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Killer TB Taking Toll on Afghan Women

Deadly pulmonary tuberculosis is striking women in Afghanistan unusually hard, baffling health experts.
By Abdul Mobeen

When 23-year-old Aziza got married four years ago, she moved into a small Kabul mud house with ten members of her husband’s family. She has rarely seen the sun since.

After spending most of her time in cramped, dark, damp conditions while caring for the menfolk and cleaning the house, the mother of two’s health has deteriorated. Aziza is currently receiving treatment in the capital’s National Tuberculosis Institute, where she is only one of a growing number of Afghan women struck down with this potentially fatal disease.

The brutalities of the Taleban may be a thing of the past, but pulmonary tuberculosis, TB, and the restrictions of Afghanistan’s conservative society are now combining to deadly effect.

The latest statistics from the World Health Organisation, WHO, show women accounted for two thirds of all TB cases in the country between 1997 and 2000. Afghanistan’s health centre and hospital statistics consistently show that female TB patients outnumber males across the country, and their number is steadily increasing.

That women are disproportionately the victims is unusual. In other countries in the region such as India, Pakistan and Bangladesh, only 40 per cent of TB cases are women, and the worldwide figure is as low as 37 per cent.

The Afghan figures have puzzled health experts, but a number of theories have emerged to explain the unusual statistics.

TB is a bacterial infection that attacks the lungs and then spreads to other organs of the body. Although it is fairly easy to cure – requiring multi-drug treatment over a period of six to eight months – it can be deadly if untreated.

The most dangerous form of the disease is the airborne pulmonary TB, which is highly contagious and often attacks people with weakened immune systems. In Afghanistan various social and cultural factors can combine to make women much more susceptible to infection.

Dr Abdul Wodood Hydari, deputy director of Afghanistan’s National Tuberculosis Institute, told IWPR that multiple pregnancies take a heavy toll on women’s stamina, and this can leave them very vulnerable.

Afghani is a 36-year-old TB patient from the Shomali Plains, about an hour north of Kabul. A mother of six, she has also suffered three miscarriages, and she says that this relentless depletion of her body’s resources is the main reason for her illness. “From being a very healthy and strong woman, I am now a skinny person who easily gets sick,” she said.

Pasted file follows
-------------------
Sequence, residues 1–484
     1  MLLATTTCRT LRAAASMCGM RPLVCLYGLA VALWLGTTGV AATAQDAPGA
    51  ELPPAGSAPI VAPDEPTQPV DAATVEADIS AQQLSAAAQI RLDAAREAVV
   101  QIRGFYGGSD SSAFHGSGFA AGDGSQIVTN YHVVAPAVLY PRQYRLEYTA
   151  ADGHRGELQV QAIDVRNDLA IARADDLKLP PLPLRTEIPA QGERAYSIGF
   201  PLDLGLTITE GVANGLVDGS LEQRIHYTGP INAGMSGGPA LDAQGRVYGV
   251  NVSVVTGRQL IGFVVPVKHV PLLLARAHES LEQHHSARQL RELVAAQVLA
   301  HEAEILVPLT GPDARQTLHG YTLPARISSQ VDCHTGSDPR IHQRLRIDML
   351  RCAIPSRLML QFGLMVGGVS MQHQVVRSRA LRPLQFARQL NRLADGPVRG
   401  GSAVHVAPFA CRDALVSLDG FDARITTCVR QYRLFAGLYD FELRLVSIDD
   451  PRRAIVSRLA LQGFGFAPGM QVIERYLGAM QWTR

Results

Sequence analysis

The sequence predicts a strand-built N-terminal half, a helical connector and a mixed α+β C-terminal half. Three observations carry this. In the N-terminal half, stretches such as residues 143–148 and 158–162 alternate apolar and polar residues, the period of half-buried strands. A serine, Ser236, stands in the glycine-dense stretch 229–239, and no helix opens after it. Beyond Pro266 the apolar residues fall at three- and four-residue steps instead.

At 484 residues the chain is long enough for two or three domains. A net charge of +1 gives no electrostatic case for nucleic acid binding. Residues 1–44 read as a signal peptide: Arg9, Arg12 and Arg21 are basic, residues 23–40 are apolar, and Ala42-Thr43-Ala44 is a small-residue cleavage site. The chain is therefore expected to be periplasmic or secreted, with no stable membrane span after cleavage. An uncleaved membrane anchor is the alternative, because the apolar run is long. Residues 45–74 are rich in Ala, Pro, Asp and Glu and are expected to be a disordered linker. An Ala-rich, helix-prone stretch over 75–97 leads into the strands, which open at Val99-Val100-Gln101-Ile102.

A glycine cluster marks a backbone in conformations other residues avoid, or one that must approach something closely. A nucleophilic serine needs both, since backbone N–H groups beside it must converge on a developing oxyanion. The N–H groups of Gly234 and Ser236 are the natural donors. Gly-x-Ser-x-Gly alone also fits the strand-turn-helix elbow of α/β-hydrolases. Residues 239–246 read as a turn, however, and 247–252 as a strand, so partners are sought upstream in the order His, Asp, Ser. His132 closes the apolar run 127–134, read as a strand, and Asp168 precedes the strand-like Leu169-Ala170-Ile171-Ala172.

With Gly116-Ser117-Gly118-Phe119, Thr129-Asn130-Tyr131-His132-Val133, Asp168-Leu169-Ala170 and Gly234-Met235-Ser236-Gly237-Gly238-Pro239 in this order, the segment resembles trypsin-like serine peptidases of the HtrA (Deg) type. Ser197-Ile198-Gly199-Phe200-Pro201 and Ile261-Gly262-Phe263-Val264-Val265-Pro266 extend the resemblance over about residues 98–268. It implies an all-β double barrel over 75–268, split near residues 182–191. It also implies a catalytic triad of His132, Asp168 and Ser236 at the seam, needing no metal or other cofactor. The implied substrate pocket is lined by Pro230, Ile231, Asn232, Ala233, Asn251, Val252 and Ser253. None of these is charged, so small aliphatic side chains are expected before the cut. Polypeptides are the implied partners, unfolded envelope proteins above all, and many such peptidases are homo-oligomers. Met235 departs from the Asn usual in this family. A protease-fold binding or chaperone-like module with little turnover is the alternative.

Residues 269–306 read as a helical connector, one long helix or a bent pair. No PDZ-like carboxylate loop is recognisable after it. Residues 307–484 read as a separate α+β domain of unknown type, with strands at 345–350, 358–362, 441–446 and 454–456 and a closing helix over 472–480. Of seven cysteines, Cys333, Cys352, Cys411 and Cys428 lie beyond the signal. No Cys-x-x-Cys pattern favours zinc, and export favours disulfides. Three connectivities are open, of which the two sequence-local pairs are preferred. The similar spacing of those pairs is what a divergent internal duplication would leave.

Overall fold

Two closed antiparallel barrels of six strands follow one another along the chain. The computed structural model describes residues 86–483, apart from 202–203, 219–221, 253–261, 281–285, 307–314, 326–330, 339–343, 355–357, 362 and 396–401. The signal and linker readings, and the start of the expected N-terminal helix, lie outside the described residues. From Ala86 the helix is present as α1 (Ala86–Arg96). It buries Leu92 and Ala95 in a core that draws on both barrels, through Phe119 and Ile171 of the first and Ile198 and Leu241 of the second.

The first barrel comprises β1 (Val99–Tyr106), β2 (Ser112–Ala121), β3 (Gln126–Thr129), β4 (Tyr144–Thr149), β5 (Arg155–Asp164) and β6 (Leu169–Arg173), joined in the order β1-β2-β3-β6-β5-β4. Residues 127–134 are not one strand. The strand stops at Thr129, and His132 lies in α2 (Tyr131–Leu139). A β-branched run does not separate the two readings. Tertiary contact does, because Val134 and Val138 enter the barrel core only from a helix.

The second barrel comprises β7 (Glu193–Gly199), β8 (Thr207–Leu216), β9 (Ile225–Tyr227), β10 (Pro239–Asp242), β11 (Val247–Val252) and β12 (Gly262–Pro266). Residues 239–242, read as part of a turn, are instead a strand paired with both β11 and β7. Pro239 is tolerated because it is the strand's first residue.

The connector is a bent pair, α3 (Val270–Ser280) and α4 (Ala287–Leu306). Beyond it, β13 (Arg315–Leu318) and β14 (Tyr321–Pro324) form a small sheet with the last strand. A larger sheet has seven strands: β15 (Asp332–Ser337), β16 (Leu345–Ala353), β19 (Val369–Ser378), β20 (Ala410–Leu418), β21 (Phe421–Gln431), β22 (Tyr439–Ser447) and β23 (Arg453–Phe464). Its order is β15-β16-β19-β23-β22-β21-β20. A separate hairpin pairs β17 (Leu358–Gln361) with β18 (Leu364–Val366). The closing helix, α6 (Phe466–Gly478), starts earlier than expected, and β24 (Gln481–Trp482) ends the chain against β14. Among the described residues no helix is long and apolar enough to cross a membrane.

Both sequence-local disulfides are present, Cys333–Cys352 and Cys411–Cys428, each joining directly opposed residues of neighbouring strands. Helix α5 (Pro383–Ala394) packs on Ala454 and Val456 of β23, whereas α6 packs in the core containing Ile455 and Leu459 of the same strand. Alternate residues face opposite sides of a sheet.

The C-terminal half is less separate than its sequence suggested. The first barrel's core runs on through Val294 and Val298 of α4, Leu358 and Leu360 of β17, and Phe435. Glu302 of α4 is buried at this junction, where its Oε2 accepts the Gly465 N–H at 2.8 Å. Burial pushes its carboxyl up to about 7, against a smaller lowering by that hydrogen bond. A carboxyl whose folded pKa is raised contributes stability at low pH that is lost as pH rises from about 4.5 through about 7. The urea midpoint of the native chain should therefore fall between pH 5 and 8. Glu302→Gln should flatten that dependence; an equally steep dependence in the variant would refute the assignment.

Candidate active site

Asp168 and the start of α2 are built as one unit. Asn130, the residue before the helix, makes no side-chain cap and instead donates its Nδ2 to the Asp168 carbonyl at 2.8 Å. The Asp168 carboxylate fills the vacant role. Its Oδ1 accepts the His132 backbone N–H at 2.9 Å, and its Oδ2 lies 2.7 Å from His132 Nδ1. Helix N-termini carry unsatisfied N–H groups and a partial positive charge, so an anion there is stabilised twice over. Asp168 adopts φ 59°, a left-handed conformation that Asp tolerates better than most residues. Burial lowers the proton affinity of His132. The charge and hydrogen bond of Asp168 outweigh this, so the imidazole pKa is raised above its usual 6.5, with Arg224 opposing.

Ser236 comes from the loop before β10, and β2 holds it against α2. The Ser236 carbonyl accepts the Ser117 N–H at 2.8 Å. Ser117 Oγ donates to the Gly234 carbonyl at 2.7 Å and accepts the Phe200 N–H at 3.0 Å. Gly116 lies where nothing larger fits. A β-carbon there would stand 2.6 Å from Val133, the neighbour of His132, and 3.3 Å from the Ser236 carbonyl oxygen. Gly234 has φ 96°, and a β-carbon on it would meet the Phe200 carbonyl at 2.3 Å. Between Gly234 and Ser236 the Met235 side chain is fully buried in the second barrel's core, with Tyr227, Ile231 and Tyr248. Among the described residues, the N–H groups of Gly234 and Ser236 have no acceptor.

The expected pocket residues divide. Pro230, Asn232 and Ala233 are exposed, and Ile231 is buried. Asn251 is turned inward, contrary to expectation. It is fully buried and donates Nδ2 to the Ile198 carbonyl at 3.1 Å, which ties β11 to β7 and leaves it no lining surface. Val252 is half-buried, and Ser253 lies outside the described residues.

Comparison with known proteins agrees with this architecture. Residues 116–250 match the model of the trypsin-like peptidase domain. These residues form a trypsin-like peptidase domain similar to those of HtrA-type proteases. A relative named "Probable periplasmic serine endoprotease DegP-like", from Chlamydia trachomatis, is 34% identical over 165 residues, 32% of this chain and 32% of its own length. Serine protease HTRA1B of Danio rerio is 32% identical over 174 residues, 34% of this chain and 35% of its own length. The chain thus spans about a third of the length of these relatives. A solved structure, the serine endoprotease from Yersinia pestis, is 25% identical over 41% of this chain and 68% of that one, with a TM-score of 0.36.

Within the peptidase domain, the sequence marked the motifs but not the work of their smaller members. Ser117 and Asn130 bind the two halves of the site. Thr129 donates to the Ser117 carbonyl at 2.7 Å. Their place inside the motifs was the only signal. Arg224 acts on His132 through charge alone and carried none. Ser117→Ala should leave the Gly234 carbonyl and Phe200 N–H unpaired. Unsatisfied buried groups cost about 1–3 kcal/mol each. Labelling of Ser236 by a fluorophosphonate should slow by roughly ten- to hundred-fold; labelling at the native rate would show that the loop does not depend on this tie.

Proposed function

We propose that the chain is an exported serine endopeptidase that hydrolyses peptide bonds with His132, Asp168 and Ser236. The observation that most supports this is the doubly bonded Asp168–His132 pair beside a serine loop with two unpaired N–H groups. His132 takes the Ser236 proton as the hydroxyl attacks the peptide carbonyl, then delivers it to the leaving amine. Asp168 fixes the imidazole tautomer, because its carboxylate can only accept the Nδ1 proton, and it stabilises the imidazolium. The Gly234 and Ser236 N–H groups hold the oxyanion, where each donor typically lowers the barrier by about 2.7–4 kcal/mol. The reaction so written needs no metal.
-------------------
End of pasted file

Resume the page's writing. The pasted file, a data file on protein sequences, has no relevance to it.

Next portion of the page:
Childbirth is only one of the burdens on women’s health. Afghanistan also has a long-standing tradition that males must be served first, leaving the female family members to eat what is left over. Women such as Aziza often become exhausted and malnourished, as the demands of home and family often leave them without a proper meal.

“We never have enough food to eat, especially for myself, because I have to serve my husband and his family first,” Aziza told IWPR.

Aziza also shares another complaint with many Afghan women. Her husband and his family are very conservative and rarely let her out of the house. This means that she is at the mercy of others when it comes to seeking health care.

Dr Hydari says that this often delays diagnosis and treatment, increasing the chances that women will spread the disease.

Aside from clinical reasons, the high rate of TB in Afghan women may have something to do with the fact that the country’s population comprises more females than males after more than two decades of fighting, or it could simply be related to how statistics are reported.

In Afghanistan, the public health sector provides the bulk of statistics to the authorities, although the private sector is also a major provider of healthcare. However, women are rarely able to see private practitioners due to poverty and sexual taboos, so they usually report to public clinics.

Dr Nadir Aksir, an Afghan doctor with his own private practice, told IWPR that that he sees more male TB patients than female ones. This is because there is a great stigma attached to having the disease in Afghan society, and most patients are desperate to keep their diagnosis secret.

Given a choice, patients will always choose private treatment over public clinics to ensure their anonymity, and this may have obscured the real statistics even further.

There will be no definitive answers until further studies are undertaken. At the moment, the only indisputable fact is that pulmonary tuberculosis continues to be a major problem in Afghanistan, and once it strikes, it can be a merciless killer of both women and men.

Abdul Mobeen is a freelance journalist based in Kabul

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